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Where Did The 2 Political Parties Come From Anyway?

Considering how much debate  goes on about politics in America, and the fact we're heating up to another Presidential election cycle this year, I decided to finally take the time to learn where the 2 parties actually come from. It’s a weird path from the first President, George Washington, with no political party, who was selected by the electoral college (69 unanimous votes, Nice); to where we are now, which has basically been rotating parties in the White House on an 8 year cycle since 1950.

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So Who Started the Parties?

Basically, Alexander Hamilton (George Washington's Treasurer)  started the Federalist Party which, very loosely speaking, later became the Republican Party under Abraham Lincoln; and Thomas Jefferson, with the help of James Madison, formed the Democratic Party which is the oldest voter-based political party in the entire world at this point, founded in 1792 as the “Democratic-Republican” Party. Here is a chart that shows the complete history off Wikipedia Commons:

FUN FACT: Notably small man and future US President at the time, James Madison, was BOTH a co-founder of the Democratic-Republican Party AND Author of several of the “Federalist Papers” which helped get the Constitution ratified. Meaning that the parties have always been relatively similar from the start since they needed to work together to frame the Constitution, and you know, run the same government. 

FUN FACT 2: George Washington, Alexander Hamilton, AND James Monroe all warned that parties could become dangerous if their own interests were to rise above that of their constituents... no such warning from TJ.

George Washington retiring caused the initial split between Jefferson/Monroe (Democratic-Republicans) and Hamilton (Federalists). The Federalists won 1 Presidential election before getting DOMINATED by TJ and his Democrat-Republican pals for decades. The Dems got so dominant there was no longer a legitimate opposition party by 1825, so they split again, leaving Andrew Jackson at the helm of the Democratic Party (which ended up putting them on the wrong side of the Civil War down the line), and the remaining minority of politicians formed the National Republican Party.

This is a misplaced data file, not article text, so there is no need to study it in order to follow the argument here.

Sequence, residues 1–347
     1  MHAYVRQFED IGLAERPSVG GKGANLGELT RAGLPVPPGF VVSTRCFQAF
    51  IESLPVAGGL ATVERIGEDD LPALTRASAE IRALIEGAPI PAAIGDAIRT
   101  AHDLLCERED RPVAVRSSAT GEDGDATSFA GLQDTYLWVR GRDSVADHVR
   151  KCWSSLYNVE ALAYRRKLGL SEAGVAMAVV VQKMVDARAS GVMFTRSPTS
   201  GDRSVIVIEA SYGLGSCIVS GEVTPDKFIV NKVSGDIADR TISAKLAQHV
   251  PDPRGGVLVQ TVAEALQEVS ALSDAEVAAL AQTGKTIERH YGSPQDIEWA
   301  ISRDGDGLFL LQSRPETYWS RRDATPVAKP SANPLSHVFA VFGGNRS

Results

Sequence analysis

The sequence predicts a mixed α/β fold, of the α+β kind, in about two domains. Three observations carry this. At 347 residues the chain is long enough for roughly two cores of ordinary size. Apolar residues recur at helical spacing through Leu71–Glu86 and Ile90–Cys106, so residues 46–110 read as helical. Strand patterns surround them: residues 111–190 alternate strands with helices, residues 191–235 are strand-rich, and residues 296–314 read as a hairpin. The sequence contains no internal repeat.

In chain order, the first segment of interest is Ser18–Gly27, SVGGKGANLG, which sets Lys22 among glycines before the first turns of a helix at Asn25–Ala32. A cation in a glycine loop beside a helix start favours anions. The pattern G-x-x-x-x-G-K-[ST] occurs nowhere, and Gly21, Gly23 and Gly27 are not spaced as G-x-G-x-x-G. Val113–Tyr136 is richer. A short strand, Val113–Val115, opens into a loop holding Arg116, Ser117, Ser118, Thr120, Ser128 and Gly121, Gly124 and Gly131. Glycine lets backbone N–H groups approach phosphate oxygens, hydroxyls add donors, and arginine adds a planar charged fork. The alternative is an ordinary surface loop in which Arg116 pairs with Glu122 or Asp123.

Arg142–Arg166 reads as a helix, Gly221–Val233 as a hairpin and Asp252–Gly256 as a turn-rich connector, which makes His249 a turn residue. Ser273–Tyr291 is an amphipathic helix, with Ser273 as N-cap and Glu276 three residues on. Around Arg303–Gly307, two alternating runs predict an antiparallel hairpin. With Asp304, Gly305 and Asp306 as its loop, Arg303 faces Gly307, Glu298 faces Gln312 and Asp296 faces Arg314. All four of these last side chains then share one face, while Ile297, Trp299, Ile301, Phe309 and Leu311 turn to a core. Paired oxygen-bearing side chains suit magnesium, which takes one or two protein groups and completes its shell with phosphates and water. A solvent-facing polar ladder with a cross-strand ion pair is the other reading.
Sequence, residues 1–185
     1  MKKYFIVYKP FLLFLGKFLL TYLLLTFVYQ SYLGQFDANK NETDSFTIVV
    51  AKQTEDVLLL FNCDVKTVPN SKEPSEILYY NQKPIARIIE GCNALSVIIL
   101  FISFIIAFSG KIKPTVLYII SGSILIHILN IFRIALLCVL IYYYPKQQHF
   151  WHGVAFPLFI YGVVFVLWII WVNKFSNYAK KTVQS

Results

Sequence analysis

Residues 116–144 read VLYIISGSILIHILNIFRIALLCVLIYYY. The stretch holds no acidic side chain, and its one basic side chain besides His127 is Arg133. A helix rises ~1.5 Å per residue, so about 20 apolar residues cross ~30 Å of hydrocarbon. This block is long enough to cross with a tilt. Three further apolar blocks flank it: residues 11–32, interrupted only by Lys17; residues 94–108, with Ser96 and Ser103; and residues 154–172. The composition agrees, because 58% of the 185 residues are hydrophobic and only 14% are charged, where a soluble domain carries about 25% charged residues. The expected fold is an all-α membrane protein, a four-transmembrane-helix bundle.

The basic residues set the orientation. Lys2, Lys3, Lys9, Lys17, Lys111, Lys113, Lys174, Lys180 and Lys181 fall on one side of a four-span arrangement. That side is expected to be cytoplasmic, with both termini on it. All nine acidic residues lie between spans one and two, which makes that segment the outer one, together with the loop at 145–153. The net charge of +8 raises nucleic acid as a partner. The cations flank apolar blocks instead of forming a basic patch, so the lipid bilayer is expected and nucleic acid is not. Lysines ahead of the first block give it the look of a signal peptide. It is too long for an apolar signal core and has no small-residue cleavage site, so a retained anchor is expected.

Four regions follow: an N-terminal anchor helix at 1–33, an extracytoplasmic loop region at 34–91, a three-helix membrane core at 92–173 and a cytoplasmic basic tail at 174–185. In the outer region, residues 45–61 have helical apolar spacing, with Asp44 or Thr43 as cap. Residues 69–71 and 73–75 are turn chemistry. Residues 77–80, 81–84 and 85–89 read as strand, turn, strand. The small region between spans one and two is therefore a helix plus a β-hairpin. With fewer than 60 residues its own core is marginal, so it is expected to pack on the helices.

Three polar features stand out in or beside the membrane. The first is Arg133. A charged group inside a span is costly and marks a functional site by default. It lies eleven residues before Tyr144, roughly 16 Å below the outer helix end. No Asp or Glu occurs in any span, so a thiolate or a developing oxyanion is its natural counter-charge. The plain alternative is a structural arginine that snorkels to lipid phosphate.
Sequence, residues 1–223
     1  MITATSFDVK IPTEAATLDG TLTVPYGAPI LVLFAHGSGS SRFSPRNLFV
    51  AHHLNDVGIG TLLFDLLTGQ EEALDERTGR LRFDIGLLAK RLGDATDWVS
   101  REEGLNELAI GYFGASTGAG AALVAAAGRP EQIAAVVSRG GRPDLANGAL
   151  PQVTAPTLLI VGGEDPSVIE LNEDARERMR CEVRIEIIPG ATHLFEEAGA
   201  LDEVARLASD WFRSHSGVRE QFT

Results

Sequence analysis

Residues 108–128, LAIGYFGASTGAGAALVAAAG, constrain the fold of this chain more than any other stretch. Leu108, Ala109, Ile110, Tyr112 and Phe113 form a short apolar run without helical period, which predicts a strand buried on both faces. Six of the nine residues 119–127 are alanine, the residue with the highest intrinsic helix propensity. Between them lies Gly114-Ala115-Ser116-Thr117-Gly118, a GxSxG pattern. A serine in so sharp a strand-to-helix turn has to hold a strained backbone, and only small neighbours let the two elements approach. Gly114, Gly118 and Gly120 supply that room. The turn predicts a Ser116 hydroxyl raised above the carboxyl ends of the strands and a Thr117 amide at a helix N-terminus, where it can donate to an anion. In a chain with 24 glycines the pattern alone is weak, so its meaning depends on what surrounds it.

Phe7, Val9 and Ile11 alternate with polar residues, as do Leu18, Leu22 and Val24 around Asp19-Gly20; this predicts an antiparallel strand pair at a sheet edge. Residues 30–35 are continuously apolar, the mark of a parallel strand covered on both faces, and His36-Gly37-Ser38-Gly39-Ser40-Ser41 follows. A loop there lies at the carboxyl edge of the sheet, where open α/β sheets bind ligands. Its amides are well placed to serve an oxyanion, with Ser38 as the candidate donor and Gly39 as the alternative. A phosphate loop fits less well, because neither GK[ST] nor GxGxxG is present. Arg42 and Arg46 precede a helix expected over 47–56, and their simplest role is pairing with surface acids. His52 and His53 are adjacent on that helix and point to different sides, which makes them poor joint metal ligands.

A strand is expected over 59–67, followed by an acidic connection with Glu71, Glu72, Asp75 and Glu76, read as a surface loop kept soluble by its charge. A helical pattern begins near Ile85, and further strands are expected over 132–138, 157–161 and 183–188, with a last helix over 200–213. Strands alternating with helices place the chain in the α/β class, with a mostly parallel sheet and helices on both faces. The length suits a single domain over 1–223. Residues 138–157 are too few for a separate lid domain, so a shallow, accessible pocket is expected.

So Thomas Jefferson, the guy who probably wanted the parties the most in the first place, died in 1826 right around the time that control of his party went over to Andrew Jackson who set them on the path to become the Confederacy... be careful what you wish for, TJ.

The Federalist Party died, so did the National Republicans and the “Whigs” after them… until 1860 rolled around and that tall drink of American whiskey in a stove-pipe hat, Abraham Lincoln, seized upon a desire to end slavery and improve infrastructure in the USA, and became the first Republican elected President in the US. When you pick the wrong side of the Civil War, like the Democrats did, you don’t get back into power without a LONG hiatus and a rebrand…

Enter Franklin Delano Roosevelt, aka FDR in 1932. Woodrow Wilson also held 2 consecutive terms in the early 1900s, but Republican control over the overall Federal Government wasn’t fully relinquished until the Great Depression struck and allowed FDR to dominate American politics over 4 terms starting in 1932. FDR turned the Democrats into the party that will make big government work for YOU, while the Republicans became the opposition who want to peel back government control after the implementation of the New Deal. FDRs Democrats provided avenues for labor unions and ethnic/social groups to organize officially, better rights to workers, etc; as Republicans continued to seek to tie government and industry leadership very tightly with fewer regulations. Add in the Democrats taking on the Civil Rights movement under LBJ, and that’s roughly where we still are today.

We’ve been swinging back and forth for about 70 years now, and we’ve got all kinds of little sub-groups on the spectrum, complete with their own media outlets and fundraising teams, but they all still play by the original rules of funneling support up to one of the 2 major parties at the end of the day, just like James Madison drew it up back in 1792.

For more political and election coverage leading up to "Donald Kong v. Joe-Zilla" in November, tune into Hard Factor every Monday through Friday.